I don't think that anyone (except maybe inside his own family) would agree with or advocate all of his ideas in the book, but that didn't diminish one bit, my overall enjoyment of it. While I'm not a libertarian, I was interested in his views on everything he wrote about - it seems obvious to me that he came by his views honestly after much consideration.

    We listeners generally agree that authors shouldn't narrate their own books, but in this case, no one else could have done even half as well. His energy gives more power to his words and ideas. Why four stars after this stellar review? Well, it would be 5 stars or more if compared to any other non-fiction and certainly any books about the food industry. And so happy to realize that I'll be able to visit his farm during my summer trip to that area (Polyface is a short trip off route 81, exit 220, in Virginia).

    I thought that I was weaning myself off agri-business with my new vegetable garden and buying from Whole Foods, but now I see that there is so much more I could be doing.

    2 of 2 people found this review helpful
  • River of Smoke

    • UNABRIDGED (22 hrs and 34 mins)
    • By Amitav Ghosh
    • Narrated By Sanjiv Jhaveri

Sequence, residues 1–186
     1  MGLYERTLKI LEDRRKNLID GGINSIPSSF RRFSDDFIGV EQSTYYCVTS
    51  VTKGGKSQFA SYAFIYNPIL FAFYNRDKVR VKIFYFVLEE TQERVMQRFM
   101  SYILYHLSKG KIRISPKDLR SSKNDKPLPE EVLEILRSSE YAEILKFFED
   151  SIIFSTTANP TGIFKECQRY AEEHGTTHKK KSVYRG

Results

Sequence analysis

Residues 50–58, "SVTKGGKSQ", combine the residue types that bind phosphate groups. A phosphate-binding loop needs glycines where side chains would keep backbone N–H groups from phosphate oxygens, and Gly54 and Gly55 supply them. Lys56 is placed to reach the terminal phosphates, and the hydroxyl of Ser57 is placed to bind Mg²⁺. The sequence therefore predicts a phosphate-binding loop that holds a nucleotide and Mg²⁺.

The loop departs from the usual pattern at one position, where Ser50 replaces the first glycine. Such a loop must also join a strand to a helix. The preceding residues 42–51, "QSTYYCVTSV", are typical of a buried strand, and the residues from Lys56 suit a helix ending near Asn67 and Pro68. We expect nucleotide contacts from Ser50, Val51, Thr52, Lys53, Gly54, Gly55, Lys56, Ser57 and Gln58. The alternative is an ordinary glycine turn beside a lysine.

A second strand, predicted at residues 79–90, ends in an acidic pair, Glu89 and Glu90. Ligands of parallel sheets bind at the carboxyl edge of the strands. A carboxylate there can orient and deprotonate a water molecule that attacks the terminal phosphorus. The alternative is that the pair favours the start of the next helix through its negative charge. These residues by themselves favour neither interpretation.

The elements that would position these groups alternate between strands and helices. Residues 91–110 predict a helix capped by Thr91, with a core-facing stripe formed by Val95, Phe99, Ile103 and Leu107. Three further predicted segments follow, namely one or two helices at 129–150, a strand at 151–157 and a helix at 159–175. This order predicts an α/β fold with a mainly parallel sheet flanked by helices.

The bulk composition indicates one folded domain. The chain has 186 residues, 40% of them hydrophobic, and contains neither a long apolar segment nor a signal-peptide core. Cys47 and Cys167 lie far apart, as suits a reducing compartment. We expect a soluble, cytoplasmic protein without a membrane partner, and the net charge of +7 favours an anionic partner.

• Whispersync for Voice-ready

    The Ibis, loaded to its gunwales with a cargo of indentured servants, is in the grip of a cyclone in the Bay of Bengal; among the dozens flailing for survival are Neel, the pampered raja who has been convicted of embezzlement; Paulette, the French orphan masquerading as a deck-hand; and Deeti, the widowed poppy grower fleeing her homeland with her lover, Kalua. The storm also threatens the clipper ship Anahita, groaning with the largest consignment of opium ever to leave India for Canton.

    Jana says: "Review of Part 2 of the Ibis Trilogy"
    "Review of Part 2 of the Ibis Trilogy"

    I read a number of professional reviews of this book (not on this site) before buying and now that I've listened to it, I feel like I read a different book from them. This book is so very dissimilar from Sea of Poppies - that book introduced a variety of characters and we followed them on their complex interesting journey that brought them together and beyond. What I found in this book was soooo much description of the time in place (ie: Canton and the pearl river delta area). It didn't seem very much happened. Diti's story opened the book, but then disappeared. Included in this story is Ah Fatt, Neal and Paulette as well as some new characters.